|category:||Economics of Software|
I’ve had this conversation more than once.
Me: “We can download something like POI to read the Excel™ files. Or I can spend months writing something.”
Them: “We have a policy against open source software.”
Me: “Do you use Apache ?”
Them: “That’s different.”
Me: “How so? Be specific in enumerating every difference between open-source Apache and open-source POI.”
Them: “Fine, but what about...”
Me: “Your software is a paragon of virtue?”
Me: “The other 1,000 users will have found it and fixed it.”
Me: “You have their source. You have my source. I’m leaving, eventually, you know.”
Me: “Here .”
Varieties of Discomfort . This conversation is really about discomfort with software where the focus is squarely on maintenance, adaptation, integration and support. The bottom line on discomfort is this: “Who do you sue when something goes wrong?”
Everyone denies that “who do we sue?” is the bottom line. But when you provide the license agreement to the CIO and they provide it to the lawyers, the lawyer only looks at a few clauses related to liability. Everything else is – well – technical and not the lawyer’s problem. Once it bounces back to the CIO, it can become a hand-wringing exercise.
Previously, I mentioned [link ] the “I don’t see the value in converting” conversation. This misses the point of open source software entirely, reducing it to a strange either-or proposition. This tend to derail the conversation, leaving the discomfort factor front and center, and ignoring the real issue of cost and benefit.
This plays out into the question “Is it really about replacement or is it about where new development will be done?” [link ]. This question is still way off target, since it provides a strategy for conversion. While a strategic direction (replace vs. evolve) might be a nice thing to have, you can’t establish a direction until after you address the underlying discomfort issue. Clearly, I can’t say this enough times: it isn’t about converting to open source. That implies were converting from something, and reduces the conversation to strange either-or situations.
Buy vs. Build . Tony notes [link ] that the real point is the minute incremental cost in deploying open source software. The incremental cost of another license to use is zero. Support costs do rise with number of desktops served. Indeed, the costs of open source are often comparable to proprietary software, but they’re in-house costs. The point is that we can move beyond the tangential conversations about your level of discomfort by focusing on two things: cost and benefit .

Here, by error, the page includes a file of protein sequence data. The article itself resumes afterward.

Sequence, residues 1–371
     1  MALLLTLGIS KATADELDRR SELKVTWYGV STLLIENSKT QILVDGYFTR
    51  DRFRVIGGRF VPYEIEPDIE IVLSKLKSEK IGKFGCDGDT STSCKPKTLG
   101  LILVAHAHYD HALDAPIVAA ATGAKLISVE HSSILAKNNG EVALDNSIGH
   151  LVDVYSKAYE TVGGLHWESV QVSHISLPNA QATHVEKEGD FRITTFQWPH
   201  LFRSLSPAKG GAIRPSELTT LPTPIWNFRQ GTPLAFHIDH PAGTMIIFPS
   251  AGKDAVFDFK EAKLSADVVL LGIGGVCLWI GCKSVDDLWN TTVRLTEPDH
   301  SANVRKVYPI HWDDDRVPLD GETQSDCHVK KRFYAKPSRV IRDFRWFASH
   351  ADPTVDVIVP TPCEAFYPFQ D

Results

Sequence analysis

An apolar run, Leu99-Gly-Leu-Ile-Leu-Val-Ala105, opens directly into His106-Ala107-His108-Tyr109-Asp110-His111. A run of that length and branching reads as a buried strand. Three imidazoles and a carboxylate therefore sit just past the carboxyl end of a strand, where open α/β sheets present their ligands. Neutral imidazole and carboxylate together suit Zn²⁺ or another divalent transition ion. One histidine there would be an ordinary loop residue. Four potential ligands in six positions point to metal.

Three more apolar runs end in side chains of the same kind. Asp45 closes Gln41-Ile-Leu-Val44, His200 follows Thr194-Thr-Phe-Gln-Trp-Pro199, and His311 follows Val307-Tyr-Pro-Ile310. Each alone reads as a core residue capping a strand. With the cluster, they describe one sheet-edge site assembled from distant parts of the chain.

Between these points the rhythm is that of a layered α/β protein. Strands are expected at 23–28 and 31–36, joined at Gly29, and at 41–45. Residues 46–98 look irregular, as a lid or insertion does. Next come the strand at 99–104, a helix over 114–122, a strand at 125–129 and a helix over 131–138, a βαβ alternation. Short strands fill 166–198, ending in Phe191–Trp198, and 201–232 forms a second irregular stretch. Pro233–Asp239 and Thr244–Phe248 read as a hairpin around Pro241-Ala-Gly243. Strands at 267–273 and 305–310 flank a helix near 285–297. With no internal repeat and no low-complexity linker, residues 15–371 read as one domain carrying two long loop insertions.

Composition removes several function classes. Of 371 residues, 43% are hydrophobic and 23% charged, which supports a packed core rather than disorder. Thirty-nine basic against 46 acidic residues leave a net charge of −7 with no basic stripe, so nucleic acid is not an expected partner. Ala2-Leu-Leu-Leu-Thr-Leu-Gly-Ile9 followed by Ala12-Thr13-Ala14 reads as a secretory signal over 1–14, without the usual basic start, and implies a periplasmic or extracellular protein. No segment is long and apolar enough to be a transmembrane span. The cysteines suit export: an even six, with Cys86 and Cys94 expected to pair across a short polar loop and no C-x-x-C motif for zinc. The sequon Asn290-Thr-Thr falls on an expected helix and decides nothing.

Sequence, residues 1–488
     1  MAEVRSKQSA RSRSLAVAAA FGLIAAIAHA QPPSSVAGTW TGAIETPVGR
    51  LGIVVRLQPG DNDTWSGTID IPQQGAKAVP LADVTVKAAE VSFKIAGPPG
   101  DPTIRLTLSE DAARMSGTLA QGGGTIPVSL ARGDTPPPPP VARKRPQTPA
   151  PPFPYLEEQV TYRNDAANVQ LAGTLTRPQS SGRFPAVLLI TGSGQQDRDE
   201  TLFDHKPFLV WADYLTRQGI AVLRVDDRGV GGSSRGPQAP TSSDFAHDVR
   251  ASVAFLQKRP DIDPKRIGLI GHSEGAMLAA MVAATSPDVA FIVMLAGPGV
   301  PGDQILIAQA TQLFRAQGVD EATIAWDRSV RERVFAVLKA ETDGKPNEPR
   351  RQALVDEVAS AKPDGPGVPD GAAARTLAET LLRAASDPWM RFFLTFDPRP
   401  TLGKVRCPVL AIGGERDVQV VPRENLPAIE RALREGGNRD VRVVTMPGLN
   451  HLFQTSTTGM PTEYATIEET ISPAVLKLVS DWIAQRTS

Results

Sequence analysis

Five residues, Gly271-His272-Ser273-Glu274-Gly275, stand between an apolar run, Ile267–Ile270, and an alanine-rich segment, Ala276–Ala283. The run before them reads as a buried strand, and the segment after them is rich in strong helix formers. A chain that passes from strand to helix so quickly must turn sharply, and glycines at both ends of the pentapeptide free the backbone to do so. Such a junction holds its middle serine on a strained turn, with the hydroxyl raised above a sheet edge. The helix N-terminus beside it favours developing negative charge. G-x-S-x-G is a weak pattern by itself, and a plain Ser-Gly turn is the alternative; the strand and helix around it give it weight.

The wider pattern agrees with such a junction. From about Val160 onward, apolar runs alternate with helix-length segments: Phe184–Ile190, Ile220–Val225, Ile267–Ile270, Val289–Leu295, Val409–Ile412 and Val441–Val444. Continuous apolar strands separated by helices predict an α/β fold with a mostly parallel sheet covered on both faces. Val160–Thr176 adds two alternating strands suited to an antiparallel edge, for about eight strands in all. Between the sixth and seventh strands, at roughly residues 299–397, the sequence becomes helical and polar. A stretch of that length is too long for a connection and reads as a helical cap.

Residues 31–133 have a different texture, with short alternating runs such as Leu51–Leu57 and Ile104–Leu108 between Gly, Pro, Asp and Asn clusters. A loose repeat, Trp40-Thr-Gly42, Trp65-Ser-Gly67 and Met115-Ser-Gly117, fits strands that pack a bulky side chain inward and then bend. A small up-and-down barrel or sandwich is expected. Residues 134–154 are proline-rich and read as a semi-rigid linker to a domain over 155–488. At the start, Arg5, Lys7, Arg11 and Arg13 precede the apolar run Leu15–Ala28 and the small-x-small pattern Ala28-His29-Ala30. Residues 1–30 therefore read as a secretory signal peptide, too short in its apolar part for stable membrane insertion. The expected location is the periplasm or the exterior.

A focus on cost and benefit (and the tiny incremental cost of increasing your usage) leads to the following: What’s the best approach to acquiring the needed software? We used to call this question the “Buy vs. Build” decision. However, it’s expanded into the following bewildering spectrum of choices:
Readiness Test . I think there are two elements of readiness to implement open source solutions.
If you are desperate to have your problem solved, you don’t quibble about who you will sue. When I’ve had the frustrating tangential conversations focusing on discomfort, part of the reason is that the customer isn’t truly desperate to solve a business problem. Instead, they’re busy implementing large and complex application software, usually by building it from scratch. They’re proud of their software development capabilities, and bypassing programmers by downloading ready-to-hand solutions isn’t what they want to do.
If you are focused on solving a problem, you can rationally evaluate the fit between a software solution and the problem. If you are doing something else, you have a million other considerations that spin the conversation away from problem -and -solution toward strategy, tactics, operational considerations, who do we sue, and other tangents.
Ramp Up . With all “new” directions, introducing a new set of tools must be done incrementally. It must be focused on solving a problem where the customer is desperate. Adding POI, for example, solved an immediate problem. We had to talk it to death, but the policy against open source wasn’t exactly as broad and silly as the customer initially described. Or, it wasn’t inflexible in the face of a solution and a level of desperation.
You’ll always have a “one true language” conversation [link ], but people will eagerly add Python to the mix when there isn’t a viable alternative. Here’s an example:
A small technology stack helps speed adoption. Python 2.4 [link ] and cx_Oracle [link ] allows them to write 10-line extraction programs that run from the command-line in AIX or Windows, can be scheduled by their tools, and can be modified without the egregious overhead of a Java application.
One tipping point was the addition of the CSV library module in Python 2.3. I’ve written CSV parsers, and the regular expressions required to handle quote balancing are opaque. In the Python 2.3+ world, we can write a tidy chunk of code that expresses the Database to CSV™ implementation with almost no non-problem technology overheads.
[An example of a non-problem technology overhead is the Java technique of locating a JDBC driver before opening a connection. Yes it’s short, but it’s also confusingly opaque when we only have one vendor for our production databases.]
No Pain No Gain . The cost and benefit of Open Source is only apparent if you have a specific problem to solve. The derailing tangent conversations about “converting” and the “value proposition” seem to happen when discomfort with the approach is larger than the discomfort of the problem itself. If the problem isn’t causing enough pain, then we are free to quibble over solution strategies.
Consequently, my real question is more fundamental. It’s not “why adopt open source?” nor is it “how do we adopt open source?” My question is “Are we ready to support open source when (a) it solves our customer’s problems and (b) they’re ready to adopt?”